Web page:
In December 2017, Habitat for Humanity of Greater Los Angeles (Habitat LA) announced the affiliate’s territory expansion, including the Antelope, Santa Clarita and San Fernando Valleys. At this same time the Creek Fire raged through the southland burning over 15,600 acres in LA County and leaving charred ashes where homes once stood.
Families lost everything they owned in the fire. Their homes burned down to the foundations. FEMA was only able to provide minimal assistance and for many families the insurance money was completely absorbed by the banks holding their mortgages. Now these fire victims must continue to make mortgage payments on homes that are no longer standing.
Sadly, this is a common story following a natural disaster, but Habitat LA is working to help families rebuild, repair and restore their homes and property. Often, we think of the emergency relief efforts during and immediately following a natural disaster. But what happens months down the line?
That is part of Habitat LA’s territory expansion services, the organization has been utilizing available resources, including grant funding, volunteer labor, and more to help wildfire-affected neighborhoods through cleanup and repair efforts.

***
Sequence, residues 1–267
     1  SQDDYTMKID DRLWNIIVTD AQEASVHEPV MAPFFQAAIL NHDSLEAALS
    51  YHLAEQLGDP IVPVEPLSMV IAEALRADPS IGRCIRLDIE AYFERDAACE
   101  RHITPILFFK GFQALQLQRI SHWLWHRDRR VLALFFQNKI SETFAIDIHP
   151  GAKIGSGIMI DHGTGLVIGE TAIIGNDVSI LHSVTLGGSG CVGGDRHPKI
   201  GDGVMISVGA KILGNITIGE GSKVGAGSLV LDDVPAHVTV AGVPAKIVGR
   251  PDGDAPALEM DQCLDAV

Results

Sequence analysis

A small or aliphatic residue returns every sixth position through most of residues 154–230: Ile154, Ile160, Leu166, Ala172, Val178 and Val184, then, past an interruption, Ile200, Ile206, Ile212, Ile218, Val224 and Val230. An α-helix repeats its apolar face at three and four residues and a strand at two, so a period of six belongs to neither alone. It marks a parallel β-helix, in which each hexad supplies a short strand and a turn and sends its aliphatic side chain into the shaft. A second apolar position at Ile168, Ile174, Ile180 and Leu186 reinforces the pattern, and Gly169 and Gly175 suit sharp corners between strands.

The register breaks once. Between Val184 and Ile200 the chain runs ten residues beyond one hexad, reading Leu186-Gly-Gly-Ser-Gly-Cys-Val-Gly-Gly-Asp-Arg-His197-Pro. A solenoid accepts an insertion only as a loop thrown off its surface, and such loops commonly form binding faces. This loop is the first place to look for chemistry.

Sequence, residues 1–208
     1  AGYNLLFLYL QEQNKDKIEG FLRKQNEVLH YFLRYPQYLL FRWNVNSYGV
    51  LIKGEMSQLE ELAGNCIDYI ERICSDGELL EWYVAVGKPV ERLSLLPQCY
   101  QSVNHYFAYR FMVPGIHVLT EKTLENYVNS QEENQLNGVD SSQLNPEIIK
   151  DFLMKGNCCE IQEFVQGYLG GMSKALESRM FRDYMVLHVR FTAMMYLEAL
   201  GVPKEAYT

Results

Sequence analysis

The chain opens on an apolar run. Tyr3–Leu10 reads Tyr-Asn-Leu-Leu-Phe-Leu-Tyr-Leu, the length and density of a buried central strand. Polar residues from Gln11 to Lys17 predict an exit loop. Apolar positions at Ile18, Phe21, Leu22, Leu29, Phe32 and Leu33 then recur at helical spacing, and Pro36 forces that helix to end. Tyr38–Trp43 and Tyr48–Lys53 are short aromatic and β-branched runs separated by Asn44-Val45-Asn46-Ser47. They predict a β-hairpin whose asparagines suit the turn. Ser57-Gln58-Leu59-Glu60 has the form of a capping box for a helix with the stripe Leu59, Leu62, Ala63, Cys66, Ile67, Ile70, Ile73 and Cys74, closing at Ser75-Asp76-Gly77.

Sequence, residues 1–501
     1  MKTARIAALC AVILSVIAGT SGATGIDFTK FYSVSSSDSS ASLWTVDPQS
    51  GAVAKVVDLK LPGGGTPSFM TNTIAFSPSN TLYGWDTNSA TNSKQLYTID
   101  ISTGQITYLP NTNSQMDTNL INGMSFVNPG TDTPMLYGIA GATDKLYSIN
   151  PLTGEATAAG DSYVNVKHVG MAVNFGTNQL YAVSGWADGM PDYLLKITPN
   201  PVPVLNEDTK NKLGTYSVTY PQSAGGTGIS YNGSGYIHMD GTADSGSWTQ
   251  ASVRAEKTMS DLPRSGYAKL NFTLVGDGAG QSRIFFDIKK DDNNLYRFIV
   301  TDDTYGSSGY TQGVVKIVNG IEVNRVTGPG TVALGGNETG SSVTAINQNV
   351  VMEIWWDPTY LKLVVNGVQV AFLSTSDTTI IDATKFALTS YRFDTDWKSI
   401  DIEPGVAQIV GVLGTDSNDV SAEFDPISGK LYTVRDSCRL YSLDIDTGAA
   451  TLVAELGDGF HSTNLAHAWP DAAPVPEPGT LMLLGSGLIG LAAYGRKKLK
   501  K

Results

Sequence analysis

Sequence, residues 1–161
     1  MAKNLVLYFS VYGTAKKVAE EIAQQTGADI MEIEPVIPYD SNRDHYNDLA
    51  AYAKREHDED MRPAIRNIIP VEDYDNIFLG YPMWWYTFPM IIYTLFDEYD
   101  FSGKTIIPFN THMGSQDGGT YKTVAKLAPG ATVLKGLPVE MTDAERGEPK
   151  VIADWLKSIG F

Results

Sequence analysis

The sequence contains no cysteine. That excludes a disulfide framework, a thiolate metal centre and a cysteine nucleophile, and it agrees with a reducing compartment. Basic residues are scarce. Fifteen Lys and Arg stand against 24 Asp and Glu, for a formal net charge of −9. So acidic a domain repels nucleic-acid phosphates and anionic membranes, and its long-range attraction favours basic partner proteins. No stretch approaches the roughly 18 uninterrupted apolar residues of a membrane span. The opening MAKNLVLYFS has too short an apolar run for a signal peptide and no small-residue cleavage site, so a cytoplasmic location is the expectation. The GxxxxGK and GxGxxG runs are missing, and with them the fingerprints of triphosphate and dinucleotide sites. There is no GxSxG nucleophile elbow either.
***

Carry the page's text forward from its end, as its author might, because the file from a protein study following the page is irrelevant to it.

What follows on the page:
In June, Habitat LA worked with the Disney VoluntEARs during their global week of service, celebrating 35 years of volunteering, to replant a tree-lined border surrounding the destroyed home of the Lagusker family, owners of Reptacular Reptile Ranch, an animal rescue in Sun Valley California. The Disney “Team of Heroes” worked hard digging deep holes and planting the large trees to help create a natural animal-friendly barrier as a deterrent to thieves, which is common following natural disaster, and something the Lagusker family has struggled with.
The Disney team was treated to an animal-filled lunchtime experience and Supervisor Kathryn Barger attended the event to present a $100,000 grant to Habitat LA to continue the fire relief work.
At the Sylmar Independent Baseball League (SIBL), volunteers from Thrivent Financial, and Dana Anton, our first recipient of fire repair services, volunteered to help repair shade structures destroyed during the high winds that perpetuated the December fires. Many of the children who utilize the 22-acre SIBL facility come from low to moderate income families and the structures are essential to keeping the kids cool in the summer.
Habitat LA is working to bring individuals, corporations, elected officials and community organizations together to help rebuild homes, businesses and community facilities across greater Los Angeles. We invite you to join us!